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Comparative Constitutional Reasoning

£99.99

András Jakab, Arthur Dyevre, Giulio Itzcovic, Cheryl Saunders, Adrienne Stone, Konrad Lachmayer, Conrado Hübner Mendes, Hugo Cyr, Monica Popescu, Zdeněk Kühn, Janneke Gerards, Michaela Hailbronner, Stefan Martini, Johanna Fröhlich, Eoin Carolan, Suzie Navot, Tania Groppi, Irene Spigno, Christa Rautenbach, Lorens du Plessis, Marian Ahumada Ruiz, Wen-Chen Chang, Tamas Gyorfi, Howard Schweber, Jennifer L. Brookhart
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  • Date Published: April 2017
  • availability: Available
  • format: Hardback
  • isbn: 9781107085589

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About the Authors
  • To what extent is the language of judicial opinions responsive to the political and social context in which constitutional courts operate? Courts are reason-giving institutions, with argumentation playing a central role in constitutional adjudication. However, a cursory look at just a handful of constitutional systems suggests important differences in the practices of constitutional judges, whether in matters of form, style, or language. Focusing on independently-verified leading cases globally, a combination of qualitative and quantitative analysis offers the most comprehensive and systematic account of constitutional reasoning to date. This analysis is supported by the examination of eighteen legal systems around the world including the European Court of Human Rights and the European Court of Justice. Universally common aspects of constitutional reasoning are identified in this book, and contributors also examine whether common law countries differ to civil law countries in this respect.

    • Presents a comprehensive and systematic analysis of constitutional reasoning on a global scale
    • Contributors from a broad range of jurisdictions report on significant cases and analyse data in order to compare processes across legal systems
    • Brings to light similarities and differences between judicial decisions by examining subtleties in form, style or language
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    Reviews & endorsements

    'Despite substantial academic attention to the rise of judicial power, we know fairly little about how newly empowered courts interpret their constitutions and justify their decisions. This timely and impressive edited collection fills this gap by presenting qualitative and quantitative data from 18 courts and over 700 cases. The volume is a must-read for those interested in comparative constitutional interpretation.' Mila Versteeg, University of Virginia School of Law

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    Product details

    • Date Published: April 2017
    • format: Hardback
    • isbn: 9781107085589
    • dimensions: 236 x 158 x 50 mm
    • weight: 1.38kg
    • contains: 19 b/w illus. 6 tables
    • availability: Available
  • Table of Contents

    1. Introduction: comparing constitutional reasoning with quantitative and qualitative methods András Jakab, Arthur Dyevre and Giulio Itzcovic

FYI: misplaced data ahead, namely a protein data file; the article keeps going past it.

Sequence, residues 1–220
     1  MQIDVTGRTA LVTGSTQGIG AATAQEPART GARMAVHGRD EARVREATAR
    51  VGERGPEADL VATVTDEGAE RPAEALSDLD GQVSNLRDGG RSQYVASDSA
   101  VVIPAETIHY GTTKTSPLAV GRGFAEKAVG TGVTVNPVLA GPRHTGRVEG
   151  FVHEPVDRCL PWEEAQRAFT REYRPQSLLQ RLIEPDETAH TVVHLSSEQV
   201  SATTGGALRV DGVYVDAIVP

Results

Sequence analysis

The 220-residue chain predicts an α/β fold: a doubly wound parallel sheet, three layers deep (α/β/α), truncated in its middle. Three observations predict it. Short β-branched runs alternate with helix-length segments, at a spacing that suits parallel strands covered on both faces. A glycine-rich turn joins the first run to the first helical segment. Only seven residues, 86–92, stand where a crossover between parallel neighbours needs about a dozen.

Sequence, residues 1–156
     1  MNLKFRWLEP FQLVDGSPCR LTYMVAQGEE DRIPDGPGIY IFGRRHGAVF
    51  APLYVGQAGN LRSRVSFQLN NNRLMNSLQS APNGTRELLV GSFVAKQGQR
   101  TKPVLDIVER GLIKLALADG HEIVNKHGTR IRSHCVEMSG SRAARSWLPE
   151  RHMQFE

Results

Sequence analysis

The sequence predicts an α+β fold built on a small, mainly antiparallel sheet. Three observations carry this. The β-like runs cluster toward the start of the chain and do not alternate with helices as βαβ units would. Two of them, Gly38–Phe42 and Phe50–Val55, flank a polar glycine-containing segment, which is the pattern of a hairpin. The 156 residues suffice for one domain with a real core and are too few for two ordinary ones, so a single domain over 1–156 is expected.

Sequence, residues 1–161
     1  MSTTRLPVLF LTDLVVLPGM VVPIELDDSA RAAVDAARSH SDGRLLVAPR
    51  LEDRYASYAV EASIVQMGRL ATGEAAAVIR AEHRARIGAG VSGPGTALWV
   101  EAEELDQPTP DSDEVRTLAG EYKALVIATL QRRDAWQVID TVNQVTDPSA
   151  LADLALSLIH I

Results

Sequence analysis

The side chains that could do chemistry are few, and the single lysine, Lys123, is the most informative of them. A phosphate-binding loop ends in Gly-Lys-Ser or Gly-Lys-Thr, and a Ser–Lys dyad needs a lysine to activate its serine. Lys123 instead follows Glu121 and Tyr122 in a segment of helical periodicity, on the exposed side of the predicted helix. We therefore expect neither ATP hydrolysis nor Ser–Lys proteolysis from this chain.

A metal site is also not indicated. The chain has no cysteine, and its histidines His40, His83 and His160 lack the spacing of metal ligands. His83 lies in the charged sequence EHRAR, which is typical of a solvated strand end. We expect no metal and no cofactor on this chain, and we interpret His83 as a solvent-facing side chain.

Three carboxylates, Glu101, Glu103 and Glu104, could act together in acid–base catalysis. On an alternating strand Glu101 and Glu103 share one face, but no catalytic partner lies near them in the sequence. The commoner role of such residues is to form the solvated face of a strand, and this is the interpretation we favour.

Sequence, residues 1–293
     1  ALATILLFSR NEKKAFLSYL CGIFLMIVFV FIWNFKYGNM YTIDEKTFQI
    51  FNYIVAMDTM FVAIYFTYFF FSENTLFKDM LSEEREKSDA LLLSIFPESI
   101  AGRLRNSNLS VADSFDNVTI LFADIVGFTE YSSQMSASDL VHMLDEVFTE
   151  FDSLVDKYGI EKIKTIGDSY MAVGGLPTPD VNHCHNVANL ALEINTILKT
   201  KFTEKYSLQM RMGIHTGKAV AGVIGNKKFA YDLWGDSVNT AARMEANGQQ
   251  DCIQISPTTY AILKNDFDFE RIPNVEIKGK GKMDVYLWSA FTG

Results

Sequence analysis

2. The High Court of Australia Cheryl Saunders and Adrienne Stone
    3. The Austrian Constitutional Court Konrad Lachmayer
    4. The Supreme Federal Court of Brazil Conrado Hübner Mendes
    5. The Supreme Court of Canada Hugo Cyr and Monica Popescu
    6. The Constitutional Court of the Czech Republic Zdeněk Kühn
    7. The European Court of Human Rights Janneke Gerards
    8. The European Court of Justice Giulio Itzcovich
    9. The French Constitutional Council Arthur Dyevre
    10. German Federal Constitutional Court Michaela Hailbronner and Stefan Martini
    11. The Constitutional Court of Hungary András Jakab and Johanna Fröhlich
    12. The Supreme Court of Ireland Eoin Carolan
    13. The Israeli Supreme Court Suzie Navot
    14. The Constitutional Court of Italy Tania Groppi and Irene Spigno
    15. The Constitutional Court of South Africa Christa Rautenbach and Lorens du Plessis
    16. The Spanish Constitutional Court Marian Ahumada Ruiz
    17. The Constitutional Court of Taiwan Wen-Chen Chang
    18. The Supreme Court (House of Lords) of the United Kingdom Tamas Gyorfi
    19. The Supreme Court of the United States Howard Schweber and Jennifer L. Brookhart
    20. Conclusion András Jakab, Arthur Dyevre and Giulio Itzcovich.

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    Comparative Constitutional Reasoning

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  • Editors

    András Jakab, Hungarian Academy of Sciences, Budapest
    András Jakab is the Director of the Institute for Legal Studies at the Centre for Social Sciences, Hungarian Academy of Sciences. He is also Professor of Constitutional and European Law at Pázmány Péter Catholic University, Budapest.

    Arthur Dyevre, Katholieke Universiteit Leuven, Belgium
    Arthur Dyevre is Associate Professor of Empirical Jurisprudence at the Faculty of Law, Katholieke Universiteit Leuven, Belgium. He works in the fields of legal theory, judicial behaviour, European integration, comparative law and comparative politics.

    Giulio Itzcovich, Università degli Studi di Brescia, Italy
    Giulio Itzcovich is Associate Professor of Philosophy of Law in the Department of Legal Science, Università degli Studi di Brescia, Italy. He is also a permanent fellow of the Tarello Institute for Legal Philosophy at Università degli Studi di Genova.

    Contributors

    András Jakab, Arthur Dyevre, Giulio Itzcovic, Cheryl Saunders, Adrienne Stone, Konrad Lachmayer, Conrado Hübner Mendes, Hugo Cyr, Monica Popescu, Zdeněk Kühn, Janneke Gerards, Michaela Hailbronner, Stefan Martini, Johanna Fröhlich, Eoin Carolan, Suzie Navot, Tania Groppi, Irene Spigno, Christa Rautenbach, Lorens du Plessis, Marian Ahumada Ruiz, Wen-Chen Chang, Tamas Gyorfi, Howard Schweber, Jennifer L. Brookhart

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